Criterion Prediction #205: The Eyes of Orson Welles, by Alexander Miller
Title: The Eyes of Orson Welles
Director: Mark Cousins
Cast: Beatrice Welles, Mark Cousins, Orson Welles
Synopsis: Mark Cousins holds a light to the immense body of work left behind by Welles to better understand the modern world as well as reconcile his reverence for the late maverick in this personal journey into one of the cinemas most celebrated figures.
Critique: Mark Cousins achieved what so few have been able to pull off by creating an original and compelling look at the enigmatic life and career of Orson Welles. There have been plenty of documentaries focusing on the famed auteur; some are decent, others are forgettable. With a life as bountiful as Welles, is there any way a filmmaker could adequately touch on every facet of his various works? Not within the traditional runtime and framework of the documentary genre. Perhaps if there were a series in the mode of Ken Burns, but that’s another conversation. The BBC Arena two-parter is a decent look at the life and work of Welles. The Battle of Citizen Kane from 1996 is compelling in that it’s a specific examination of the parallels between Hearst and Welles. Then there’s the humdrum affair known as Magician: The Astonishing Life and Work of Orson Welles, then Orson Welles: Shadows and Light. So in the wake of the long-awaited release of The Other Side of the Wind, we’re graced with They’ll Love Me When I’m Dead, a fun accompaniment to Welles’ thought-to-be-lost feature, and The Eyes of Orson Welles. The latter effort from Cousins differed in that it’s less a documentary and more of an essay film. A distinction that goes lengths in exploring the impenetrable world of Welles.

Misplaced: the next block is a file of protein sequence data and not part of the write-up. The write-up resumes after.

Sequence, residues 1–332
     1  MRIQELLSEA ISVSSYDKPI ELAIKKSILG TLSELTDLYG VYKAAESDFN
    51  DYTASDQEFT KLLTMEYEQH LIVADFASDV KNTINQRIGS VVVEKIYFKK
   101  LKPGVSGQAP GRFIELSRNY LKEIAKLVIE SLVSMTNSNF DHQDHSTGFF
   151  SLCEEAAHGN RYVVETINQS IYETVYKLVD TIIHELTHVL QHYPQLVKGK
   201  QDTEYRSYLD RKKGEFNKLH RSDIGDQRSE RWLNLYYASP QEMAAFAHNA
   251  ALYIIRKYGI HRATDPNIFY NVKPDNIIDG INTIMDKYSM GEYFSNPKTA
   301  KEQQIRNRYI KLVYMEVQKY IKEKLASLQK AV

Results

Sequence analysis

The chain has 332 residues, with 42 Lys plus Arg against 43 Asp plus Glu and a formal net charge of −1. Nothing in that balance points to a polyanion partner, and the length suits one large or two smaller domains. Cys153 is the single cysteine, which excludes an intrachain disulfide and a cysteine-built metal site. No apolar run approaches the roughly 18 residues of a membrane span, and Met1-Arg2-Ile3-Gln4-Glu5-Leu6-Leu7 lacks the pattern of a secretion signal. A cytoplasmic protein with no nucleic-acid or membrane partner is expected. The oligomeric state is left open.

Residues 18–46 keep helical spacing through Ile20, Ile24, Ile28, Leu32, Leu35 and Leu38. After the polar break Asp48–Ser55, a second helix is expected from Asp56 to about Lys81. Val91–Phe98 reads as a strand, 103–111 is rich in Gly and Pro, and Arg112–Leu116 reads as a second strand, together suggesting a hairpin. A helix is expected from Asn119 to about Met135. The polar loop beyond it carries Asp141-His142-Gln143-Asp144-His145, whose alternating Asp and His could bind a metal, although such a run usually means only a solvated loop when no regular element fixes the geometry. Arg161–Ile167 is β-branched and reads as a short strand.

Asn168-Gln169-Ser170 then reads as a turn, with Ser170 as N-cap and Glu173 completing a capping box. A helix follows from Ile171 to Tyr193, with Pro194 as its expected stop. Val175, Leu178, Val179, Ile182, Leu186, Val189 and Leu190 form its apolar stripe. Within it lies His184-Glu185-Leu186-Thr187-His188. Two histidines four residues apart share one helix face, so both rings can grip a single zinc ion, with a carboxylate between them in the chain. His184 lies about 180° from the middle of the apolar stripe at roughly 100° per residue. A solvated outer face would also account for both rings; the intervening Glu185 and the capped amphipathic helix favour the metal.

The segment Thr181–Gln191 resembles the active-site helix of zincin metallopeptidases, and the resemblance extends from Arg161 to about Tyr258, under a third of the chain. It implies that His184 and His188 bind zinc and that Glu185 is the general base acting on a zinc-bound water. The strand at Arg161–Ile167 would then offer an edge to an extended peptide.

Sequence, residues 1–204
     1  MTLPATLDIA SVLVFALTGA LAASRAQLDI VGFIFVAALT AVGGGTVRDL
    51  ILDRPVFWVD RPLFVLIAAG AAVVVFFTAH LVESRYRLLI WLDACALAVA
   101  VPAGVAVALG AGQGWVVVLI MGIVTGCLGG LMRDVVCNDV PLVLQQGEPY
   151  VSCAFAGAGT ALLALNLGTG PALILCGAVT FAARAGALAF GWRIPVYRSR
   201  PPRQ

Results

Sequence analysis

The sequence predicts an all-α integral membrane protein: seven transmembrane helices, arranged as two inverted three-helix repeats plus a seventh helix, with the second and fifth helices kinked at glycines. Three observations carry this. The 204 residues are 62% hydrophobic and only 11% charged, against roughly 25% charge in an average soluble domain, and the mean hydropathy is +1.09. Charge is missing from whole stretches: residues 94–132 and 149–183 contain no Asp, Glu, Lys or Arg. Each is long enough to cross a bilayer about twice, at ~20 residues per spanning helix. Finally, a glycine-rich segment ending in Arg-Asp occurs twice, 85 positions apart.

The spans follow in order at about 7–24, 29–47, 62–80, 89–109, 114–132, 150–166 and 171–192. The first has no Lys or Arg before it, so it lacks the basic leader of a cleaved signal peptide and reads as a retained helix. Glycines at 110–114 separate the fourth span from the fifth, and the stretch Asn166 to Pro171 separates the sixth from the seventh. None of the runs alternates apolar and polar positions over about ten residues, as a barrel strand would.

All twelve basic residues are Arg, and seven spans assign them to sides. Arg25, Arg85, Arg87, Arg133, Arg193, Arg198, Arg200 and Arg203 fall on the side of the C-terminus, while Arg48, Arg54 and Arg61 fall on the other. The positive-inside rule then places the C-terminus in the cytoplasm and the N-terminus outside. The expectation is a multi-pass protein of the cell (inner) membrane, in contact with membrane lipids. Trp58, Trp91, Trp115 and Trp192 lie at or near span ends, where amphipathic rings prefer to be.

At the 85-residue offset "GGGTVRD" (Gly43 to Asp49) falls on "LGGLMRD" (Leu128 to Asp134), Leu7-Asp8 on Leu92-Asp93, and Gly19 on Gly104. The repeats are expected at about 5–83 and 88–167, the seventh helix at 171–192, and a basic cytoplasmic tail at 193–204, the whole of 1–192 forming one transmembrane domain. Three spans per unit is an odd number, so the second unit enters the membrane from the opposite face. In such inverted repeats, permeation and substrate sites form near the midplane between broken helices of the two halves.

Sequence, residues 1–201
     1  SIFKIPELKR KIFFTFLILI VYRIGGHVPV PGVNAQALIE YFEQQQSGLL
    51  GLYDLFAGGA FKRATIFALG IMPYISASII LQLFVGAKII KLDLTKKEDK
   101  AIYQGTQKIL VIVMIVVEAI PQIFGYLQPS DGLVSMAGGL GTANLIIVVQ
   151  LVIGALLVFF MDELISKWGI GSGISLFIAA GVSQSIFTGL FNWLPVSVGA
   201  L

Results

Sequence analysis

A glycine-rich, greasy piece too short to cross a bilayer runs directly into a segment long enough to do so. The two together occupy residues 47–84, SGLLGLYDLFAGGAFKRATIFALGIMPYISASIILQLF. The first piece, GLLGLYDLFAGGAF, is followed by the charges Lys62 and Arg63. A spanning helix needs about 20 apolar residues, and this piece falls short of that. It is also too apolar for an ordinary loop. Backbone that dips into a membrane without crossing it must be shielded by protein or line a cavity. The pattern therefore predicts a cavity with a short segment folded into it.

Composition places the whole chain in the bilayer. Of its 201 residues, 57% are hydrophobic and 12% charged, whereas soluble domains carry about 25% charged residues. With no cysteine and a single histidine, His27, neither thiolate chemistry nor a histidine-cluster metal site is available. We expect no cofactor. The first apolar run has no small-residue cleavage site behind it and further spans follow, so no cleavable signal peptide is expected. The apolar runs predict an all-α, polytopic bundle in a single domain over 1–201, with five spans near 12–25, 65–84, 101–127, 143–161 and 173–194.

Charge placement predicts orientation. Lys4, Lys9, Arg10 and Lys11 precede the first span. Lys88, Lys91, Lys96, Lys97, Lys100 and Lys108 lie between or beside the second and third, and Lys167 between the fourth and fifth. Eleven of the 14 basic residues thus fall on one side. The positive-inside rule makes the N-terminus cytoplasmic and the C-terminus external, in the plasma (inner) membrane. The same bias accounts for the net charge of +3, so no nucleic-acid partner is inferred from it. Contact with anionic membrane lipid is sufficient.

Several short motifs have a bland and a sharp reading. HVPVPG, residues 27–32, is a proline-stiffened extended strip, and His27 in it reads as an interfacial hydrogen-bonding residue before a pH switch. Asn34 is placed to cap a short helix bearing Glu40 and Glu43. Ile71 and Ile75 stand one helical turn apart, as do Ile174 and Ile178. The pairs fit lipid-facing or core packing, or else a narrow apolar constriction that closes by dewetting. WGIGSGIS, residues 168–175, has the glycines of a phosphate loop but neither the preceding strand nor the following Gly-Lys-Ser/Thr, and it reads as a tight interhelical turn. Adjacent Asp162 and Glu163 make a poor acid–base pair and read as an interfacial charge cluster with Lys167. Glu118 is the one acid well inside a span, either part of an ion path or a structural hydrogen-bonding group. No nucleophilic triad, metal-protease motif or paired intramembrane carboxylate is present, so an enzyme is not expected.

Cousins’ intuitive aesthetic cultivates an inquisitive and curious journey that plays like a one-way conversation between the filmmaker and the late Welles. While so many documentaries rehash the same archival footage, use the same interviews and movie clips, Mark Cousins operates without the mandated narrative of Welles’ life and career. Yes, he shocked the world with his War of the Worlds broadcast, and Citizen Kane enraged the subject it was based on, but isn’t the requisite knowledge for any semi-informed cineaste. Not looking for answers in the legacy of someone whose life was intentionally cloaked in misdirection, Cousins turns his energy forward, not backward. Much of the film is spent asking questions, pondering what Welles would make of our current cultural climate, generating a dialogue that’s infinitely more valuable and artistically challenging. Less of a film about Welles but the myth of Welles, the self spun yarn of fiction he enveloped around his life and work, which is infinitely more appealing.
Personally driven and wildly insightful, The Eyes of Orson Welles is artistically rewarding with a level of playful trickery that would make the late maverick himself chortle with glee.
Why it Belongs in the Collection: Despite the body of work made by Mark Cousins, criticism is divided on The Eyes of Orson Welles. Some find it to be a warm tribute to the famed artist, and others feel it’s ponderous and self-indulgent. Naturally, I’d think that a feature such as this would be at home in The Criterion Collection, and while it might not seem as strong a contender, the film is touring with the Janus Films logo. The Eyes of Orson Welles might not get a spine number but would make a solid bonus feature for any future Welles titles en route to The Criterion Collection.